Pakistan Cricket Board (PCB) chairman Ijaz Butt withdrew on Wednesday allegations of match-fixing against the England team during the third One-day International at the Oval on September 17.
Butt had been threatened with legal action from the England and Wales Cricket Board (ECB) unless he unreservedly apologised for his suggestion that the England team had taken bribes to lose the match.
The withdrawal in a joint statement from the two boards followed an announcement from the International Cricket Council (ICC) that Pakistan test captain Salman Butt had appealed against a suspension for spot-fixing.
The ICC said pace bowlers Muhammad Amir and Mohammad Asif had yet to appeal against the suspensions which followed an investigation into newspaper reports that they had arranged for deliberate no-balls to be bowled in the Lord's test last month. All three have said they are innocent.
Ijaz Butt's comments came after the suspensions and an ICC announcement that it was investigating Pakistan's innings at the Oval after receiving information from a British newspaper about an allegedly suspicious scoring pattern.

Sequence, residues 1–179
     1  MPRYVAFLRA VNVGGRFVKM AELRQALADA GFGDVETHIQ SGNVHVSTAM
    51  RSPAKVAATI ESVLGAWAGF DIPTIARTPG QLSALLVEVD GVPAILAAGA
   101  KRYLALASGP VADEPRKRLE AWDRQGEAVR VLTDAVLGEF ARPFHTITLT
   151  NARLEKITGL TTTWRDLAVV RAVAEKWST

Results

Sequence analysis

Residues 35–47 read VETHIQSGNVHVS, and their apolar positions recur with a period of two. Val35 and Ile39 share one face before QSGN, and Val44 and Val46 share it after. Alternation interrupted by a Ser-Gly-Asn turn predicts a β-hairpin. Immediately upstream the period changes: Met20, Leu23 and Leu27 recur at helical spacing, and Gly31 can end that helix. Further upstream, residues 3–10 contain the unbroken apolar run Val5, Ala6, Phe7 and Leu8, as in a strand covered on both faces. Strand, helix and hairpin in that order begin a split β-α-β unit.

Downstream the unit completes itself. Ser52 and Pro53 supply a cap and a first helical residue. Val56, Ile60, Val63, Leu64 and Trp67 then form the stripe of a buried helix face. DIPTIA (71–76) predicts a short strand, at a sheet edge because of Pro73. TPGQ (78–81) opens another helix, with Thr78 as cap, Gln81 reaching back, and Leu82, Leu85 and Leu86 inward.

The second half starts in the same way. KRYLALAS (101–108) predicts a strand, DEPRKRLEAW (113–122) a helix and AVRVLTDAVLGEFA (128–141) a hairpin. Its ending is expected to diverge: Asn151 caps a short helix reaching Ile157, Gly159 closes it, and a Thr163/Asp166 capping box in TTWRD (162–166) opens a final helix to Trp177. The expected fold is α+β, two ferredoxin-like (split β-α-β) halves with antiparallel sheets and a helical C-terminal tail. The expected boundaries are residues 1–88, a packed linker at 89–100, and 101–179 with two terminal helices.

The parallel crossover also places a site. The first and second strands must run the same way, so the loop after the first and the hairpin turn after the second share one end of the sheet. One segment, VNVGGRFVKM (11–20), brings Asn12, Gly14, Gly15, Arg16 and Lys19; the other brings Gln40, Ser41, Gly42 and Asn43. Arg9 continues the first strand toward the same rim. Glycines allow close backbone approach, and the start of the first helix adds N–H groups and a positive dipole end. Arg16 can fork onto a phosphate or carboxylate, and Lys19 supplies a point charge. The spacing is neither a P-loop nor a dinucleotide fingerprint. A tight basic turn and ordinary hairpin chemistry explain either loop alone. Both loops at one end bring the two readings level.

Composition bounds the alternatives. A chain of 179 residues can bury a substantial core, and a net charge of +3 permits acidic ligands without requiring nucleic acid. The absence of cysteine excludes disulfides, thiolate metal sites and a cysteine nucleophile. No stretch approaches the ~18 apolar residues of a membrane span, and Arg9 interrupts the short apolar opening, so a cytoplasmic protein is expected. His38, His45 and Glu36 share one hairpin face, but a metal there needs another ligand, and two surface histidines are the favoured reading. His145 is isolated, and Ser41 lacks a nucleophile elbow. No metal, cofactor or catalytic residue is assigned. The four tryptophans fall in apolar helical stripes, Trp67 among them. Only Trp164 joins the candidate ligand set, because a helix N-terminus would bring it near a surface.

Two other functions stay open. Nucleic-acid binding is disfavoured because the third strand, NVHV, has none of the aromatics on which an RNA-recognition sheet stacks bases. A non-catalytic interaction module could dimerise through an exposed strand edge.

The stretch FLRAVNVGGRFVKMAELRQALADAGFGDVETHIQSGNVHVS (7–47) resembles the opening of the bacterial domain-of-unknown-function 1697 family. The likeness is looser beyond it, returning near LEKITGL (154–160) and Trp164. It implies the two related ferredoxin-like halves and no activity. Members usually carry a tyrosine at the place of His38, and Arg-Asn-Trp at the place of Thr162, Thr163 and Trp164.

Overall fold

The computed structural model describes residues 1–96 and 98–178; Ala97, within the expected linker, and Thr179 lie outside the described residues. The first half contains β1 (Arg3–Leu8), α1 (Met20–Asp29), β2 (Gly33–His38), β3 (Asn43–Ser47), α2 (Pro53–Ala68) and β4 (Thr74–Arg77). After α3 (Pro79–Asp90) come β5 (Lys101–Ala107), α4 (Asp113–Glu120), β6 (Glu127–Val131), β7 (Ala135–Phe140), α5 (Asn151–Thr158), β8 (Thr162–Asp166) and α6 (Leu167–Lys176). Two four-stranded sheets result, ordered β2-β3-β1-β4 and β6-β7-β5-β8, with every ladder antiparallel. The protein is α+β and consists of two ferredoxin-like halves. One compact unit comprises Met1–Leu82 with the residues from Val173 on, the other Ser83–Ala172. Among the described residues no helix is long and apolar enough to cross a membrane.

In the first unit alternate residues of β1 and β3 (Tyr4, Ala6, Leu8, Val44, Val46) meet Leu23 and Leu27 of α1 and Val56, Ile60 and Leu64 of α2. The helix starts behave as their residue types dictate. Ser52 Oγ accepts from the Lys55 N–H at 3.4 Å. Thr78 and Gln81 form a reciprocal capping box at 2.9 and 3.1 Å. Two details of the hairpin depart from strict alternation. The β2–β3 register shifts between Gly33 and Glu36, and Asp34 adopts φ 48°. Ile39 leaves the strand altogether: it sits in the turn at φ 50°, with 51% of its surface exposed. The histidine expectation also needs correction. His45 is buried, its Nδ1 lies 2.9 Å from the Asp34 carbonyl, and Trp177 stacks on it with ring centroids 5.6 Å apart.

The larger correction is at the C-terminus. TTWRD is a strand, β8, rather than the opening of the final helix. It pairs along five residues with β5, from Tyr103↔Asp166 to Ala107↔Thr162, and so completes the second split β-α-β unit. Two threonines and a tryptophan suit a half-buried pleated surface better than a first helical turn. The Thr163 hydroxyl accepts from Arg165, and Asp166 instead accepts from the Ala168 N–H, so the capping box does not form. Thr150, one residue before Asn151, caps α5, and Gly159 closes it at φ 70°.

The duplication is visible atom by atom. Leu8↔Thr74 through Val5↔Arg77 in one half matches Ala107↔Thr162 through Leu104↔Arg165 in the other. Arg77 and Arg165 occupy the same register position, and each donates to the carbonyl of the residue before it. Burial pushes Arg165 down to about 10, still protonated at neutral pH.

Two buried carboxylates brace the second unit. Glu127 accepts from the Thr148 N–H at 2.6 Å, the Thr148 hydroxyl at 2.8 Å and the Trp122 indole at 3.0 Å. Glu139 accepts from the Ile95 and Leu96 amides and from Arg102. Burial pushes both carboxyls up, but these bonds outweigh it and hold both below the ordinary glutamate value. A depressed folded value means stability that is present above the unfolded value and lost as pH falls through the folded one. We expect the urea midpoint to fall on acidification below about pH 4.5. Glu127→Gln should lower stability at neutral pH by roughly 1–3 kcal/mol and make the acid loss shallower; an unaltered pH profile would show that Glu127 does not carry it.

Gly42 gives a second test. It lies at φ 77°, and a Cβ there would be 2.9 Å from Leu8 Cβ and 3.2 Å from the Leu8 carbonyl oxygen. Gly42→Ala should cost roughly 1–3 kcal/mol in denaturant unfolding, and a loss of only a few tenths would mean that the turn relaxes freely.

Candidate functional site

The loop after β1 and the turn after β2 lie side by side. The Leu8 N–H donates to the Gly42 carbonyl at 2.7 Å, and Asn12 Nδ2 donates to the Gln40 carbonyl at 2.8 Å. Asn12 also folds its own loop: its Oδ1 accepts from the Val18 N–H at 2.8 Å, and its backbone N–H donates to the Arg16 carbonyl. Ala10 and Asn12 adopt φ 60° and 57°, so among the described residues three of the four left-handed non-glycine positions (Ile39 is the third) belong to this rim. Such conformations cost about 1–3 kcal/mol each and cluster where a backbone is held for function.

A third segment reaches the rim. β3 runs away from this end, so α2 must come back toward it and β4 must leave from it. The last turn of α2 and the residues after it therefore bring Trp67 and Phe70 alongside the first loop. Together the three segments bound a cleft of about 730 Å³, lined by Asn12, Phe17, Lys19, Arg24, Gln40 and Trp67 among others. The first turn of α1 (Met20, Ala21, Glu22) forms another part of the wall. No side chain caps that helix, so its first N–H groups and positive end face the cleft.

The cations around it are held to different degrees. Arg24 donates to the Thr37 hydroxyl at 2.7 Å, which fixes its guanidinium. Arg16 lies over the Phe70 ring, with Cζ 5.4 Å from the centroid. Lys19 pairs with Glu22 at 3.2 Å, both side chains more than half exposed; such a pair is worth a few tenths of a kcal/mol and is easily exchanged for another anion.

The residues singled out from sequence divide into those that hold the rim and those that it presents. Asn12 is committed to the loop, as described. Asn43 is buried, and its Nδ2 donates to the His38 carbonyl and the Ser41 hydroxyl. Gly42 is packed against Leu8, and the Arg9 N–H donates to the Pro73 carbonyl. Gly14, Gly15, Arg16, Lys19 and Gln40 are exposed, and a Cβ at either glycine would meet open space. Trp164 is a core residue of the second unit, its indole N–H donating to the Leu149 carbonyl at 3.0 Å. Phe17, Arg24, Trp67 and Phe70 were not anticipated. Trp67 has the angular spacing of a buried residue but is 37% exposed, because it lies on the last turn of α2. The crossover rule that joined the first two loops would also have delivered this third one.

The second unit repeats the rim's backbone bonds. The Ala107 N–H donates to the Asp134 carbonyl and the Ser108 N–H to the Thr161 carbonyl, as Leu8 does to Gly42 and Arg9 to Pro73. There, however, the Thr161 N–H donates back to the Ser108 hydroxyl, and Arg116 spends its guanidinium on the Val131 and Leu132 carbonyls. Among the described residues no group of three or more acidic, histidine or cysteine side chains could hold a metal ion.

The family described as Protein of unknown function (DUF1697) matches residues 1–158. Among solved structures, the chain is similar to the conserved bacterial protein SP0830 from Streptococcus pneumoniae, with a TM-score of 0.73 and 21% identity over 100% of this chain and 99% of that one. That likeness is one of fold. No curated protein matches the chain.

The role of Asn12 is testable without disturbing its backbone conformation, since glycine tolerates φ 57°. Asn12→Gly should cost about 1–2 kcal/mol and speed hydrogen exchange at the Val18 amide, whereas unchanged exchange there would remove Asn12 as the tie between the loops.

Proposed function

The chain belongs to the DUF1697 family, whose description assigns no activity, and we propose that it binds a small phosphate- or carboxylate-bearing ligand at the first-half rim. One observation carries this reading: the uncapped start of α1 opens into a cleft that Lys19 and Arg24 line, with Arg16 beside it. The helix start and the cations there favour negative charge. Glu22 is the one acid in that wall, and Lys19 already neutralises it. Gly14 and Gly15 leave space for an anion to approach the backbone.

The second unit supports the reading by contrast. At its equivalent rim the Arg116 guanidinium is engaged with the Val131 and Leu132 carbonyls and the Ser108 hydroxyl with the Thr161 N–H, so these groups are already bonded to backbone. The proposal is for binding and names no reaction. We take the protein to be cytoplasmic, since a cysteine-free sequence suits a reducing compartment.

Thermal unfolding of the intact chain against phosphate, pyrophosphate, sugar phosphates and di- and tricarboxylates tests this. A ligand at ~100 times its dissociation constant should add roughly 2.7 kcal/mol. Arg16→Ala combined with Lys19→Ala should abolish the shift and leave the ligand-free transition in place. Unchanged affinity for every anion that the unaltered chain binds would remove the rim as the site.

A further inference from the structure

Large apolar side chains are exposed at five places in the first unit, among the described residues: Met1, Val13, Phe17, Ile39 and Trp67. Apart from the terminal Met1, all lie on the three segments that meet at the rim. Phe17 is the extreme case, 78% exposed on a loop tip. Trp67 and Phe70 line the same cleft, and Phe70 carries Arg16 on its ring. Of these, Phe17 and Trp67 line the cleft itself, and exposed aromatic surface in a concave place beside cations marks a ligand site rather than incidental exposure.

Butt and other Pakistani officials were angered by the second decision and, in a television interview before the fourth match at Lord's, Butt said there had been "loud and clear talk in bookies" circles that some English players were paid enormous amounts of money to lose (the Oval) match".
Although Butt said in a later radio interview with the BBC that he was only passing on information he had received from bookmakers, the ECB called the comments defamatory and England captain Andrew Strauss said his team had considered pulling out of the Lord's game.
Last Thursday, the day after England had won the one-day series 3-2, the ECB said it would take immediate legal proceedings against Butt unless he gave a "full and unreserved apology".
Butt said he wished to withdraw his allegations on behalf of himself and the PCB.
"It is regrettable that there was a misunderstanding arising from my comments," Butt said.
"I would like to make it quite clear that in the statements which I made that I never intended to question the behaviour and integrity of the England players nor the ECB nor to suggest that any of them were involved in any corrupt practices or in a conspiracy against Pakistan cricket," he added.
Butt's apology was welcomed by the ECB and the England team who said they now regarded the matter as closed.
ICC chief executive Haroon Lorgat said an independent tribunal would be convened as soon as possible to hear Salman Butt's appeal.